2018 NLCS travel day memos

Manny Machado and Yasiel Puig in the NLCS - Stacy Revere/Getty Images North America via Zimbio

Three points of interest in the first two NLCS tilts between the Milwaukee Brewers and Los Angeles Dodgers

There’s more than a good chance you’re still trying to catch your breath.

The Brewers and Dodgers have put on two thrilling contests for America; prize fights where the home team draws first blood and the visitors have charged back in the closing innings. In Game 1, the Brewers held the Dodgers off with the tying run at third. In Game 2, the Dodgers’ Justin Turner hit a Miller Park moonshot into the outfield loge level and Kenley Jansen locked the game down.

If you’re watching these games and not gripped by the tension, you’re not paying attention. This is October baseball at its finest.

Three notes as the teams head west for Dodger Stadium:

Christian Yelich is struggling

You know it couldn’t last forever. Yelich’s emergence as one of Baseball’s top stars this season has faded some in his first foray into postseason ball. After cruising past Colorado to the tune of a 1.100 OPS, Yelich has had a pair of uncharacteristic showings against Dodger pitching, going 2-8 with two walks and three strikeouts.

The struggles look somewhat similar to Lorenzo Cain‘s slump at the end of the season (Cain, by the way, only had two extra base hitsĀ all of September), where the Brewers leadoff man slashed .227/.227/.273 over the final five games, generally not seeing the ball well and striking out in uncharacteristic ways. Contact looks awkward and doesn’t follow the spray chart.

With Yelich’s rise to prominence comes greater scrutiny, to be sure, and the level of performance the young star sustained at his 2018 peak was hardly, ahem, sustainable. But with Ryan Braun still inconsistent at the plate and Jesus Aguilar finding his way out of his second-half struggles, Yelich will continue to have to be the hero the Brewers need to capture their second-ever league pennant.

Manny Machado: baseball heel

Machado is an all-world baseball player, phenomenally talented, has a beautiful swing, great arm and solid instincts in the field. He will undoubtedly command a hefty salary this winter.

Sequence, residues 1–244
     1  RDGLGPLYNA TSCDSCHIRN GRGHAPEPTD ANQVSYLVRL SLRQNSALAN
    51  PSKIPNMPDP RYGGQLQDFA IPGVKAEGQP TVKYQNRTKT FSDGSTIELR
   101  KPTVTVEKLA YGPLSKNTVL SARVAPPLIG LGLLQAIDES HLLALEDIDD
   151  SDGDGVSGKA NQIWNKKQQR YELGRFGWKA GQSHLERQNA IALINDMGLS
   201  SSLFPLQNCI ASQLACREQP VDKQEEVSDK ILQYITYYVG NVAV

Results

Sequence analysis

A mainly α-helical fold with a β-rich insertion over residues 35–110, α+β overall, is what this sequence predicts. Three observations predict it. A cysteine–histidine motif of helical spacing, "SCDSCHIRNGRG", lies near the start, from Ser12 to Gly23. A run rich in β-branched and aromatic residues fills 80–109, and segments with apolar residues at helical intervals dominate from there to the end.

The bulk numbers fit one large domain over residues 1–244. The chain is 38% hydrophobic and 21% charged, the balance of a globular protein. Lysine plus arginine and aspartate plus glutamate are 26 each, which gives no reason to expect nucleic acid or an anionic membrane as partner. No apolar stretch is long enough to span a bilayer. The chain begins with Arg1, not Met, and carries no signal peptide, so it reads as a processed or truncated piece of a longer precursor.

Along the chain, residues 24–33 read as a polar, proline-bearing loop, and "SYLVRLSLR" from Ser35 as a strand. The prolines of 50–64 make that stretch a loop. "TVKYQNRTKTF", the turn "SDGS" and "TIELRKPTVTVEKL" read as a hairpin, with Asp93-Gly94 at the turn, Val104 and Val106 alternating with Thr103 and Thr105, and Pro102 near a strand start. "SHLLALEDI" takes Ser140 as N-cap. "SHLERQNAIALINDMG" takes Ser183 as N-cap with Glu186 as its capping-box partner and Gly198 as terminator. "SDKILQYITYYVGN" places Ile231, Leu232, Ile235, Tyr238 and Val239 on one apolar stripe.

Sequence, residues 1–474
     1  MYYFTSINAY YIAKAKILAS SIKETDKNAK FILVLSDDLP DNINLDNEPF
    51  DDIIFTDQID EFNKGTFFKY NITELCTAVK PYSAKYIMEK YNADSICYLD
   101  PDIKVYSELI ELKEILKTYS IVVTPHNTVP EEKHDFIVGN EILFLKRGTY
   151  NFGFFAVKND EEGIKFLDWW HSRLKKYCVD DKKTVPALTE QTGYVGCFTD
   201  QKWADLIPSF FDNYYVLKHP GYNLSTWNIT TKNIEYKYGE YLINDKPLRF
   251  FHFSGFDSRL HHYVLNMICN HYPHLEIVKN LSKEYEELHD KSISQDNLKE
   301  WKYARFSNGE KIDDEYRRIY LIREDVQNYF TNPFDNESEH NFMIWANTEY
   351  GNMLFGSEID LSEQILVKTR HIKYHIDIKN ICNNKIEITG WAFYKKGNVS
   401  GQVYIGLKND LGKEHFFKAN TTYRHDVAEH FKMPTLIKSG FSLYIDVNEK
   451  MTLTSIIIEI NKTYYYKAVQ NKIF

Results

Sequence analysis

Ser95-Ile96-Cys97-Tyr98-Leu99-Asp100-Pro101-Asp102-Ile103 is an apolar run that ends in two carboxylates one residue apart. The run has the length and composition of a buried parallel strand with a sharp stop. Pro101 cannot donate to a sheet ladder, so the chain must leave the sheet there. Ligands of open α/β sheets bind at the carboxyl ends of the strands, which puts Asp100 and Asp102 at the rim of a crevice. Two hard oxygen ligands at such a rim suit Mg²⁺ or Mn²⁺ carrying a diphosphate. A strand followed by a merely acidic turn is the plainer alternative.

But where his antics were buried in the debacle that is Baltimore Orioles baseball, they are magnified in a high-profile market like Los Angeles and especially on the premier stage that is October.

The ‘give me some love’ mockery, dogging it toward first on grounders, the general attitude when he doesn’t get a call he wants at the plate: this isn’t some old grouch lamenting bat flips and goofballery. We’re pretty on board with most of the antics with which ballplayers indulge themselves. Machado, though, is something else: a baseball heel on a generally-likable Dodgers squad (Yasiel Puig notwithstanding).

Baseball is at an odd crossroads right now with the general public and it needs all the good guys it can get. On a team with great stories (Justin Turner, David Freese, Kenley Jansen’s comeback from a serious heart condition), it’s a strange juxtaposition with guys like Puig and Machado, particularly Machado, who is squarely in the petri dish. ‘Manny don’t care’ isn’t the most marketable slogan for a guy who’s about to be for-hire.

2-3-2 bad

There is no such thing as a true home field advantage in MLB’s best-of-seven format. The top-seed does not enjoy a true advantage when the lower-seeded team gets three consecutive games. When the first two games are split, as we have in the NLCS, the lower seed actually has the home field advantage.

Yes, the obvious counterargument is that if the top-seed takes care of business, it shouldn’t matter. But the lower seed shouldn’t enjoy an advantage after the result of one of two games because teams and their attendant media generally want to save a few bucks on travel. The real argument to be made here is that ought to be incumbent upon the lower seed to earn home field by winning both games, forcing the higher seed to earn the advantage back while on the road. In this instance, the Dodgers now have a natural home field advantage and the Brewers find themselves the underdog.

The game should reward the better performer in the season and not be beholden to travel expenses. Right now, MLB has it exactly backward.

Brent Sirvio is a co-founder of Bronx to Bushville.

Author: Brent Sirvio

Brent Sirvio is.

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